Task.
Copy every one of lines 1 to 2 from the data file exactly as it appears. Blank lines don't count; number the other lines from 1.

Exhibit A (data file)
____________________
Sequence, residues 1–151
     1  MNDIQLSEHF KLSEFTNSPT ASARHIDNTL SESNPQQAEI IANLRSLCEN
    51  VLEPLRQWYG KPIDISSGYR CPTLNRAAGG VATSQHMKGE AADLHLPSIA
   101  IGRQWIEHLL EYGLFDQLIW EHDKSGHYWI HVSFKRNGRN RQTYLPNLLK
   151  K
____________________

Sequence, residues 1–151
     1  MNDIQLSEHF KLSEFTNSPT ASARHIDNTL SESNPQQAEI IANLRSLCEN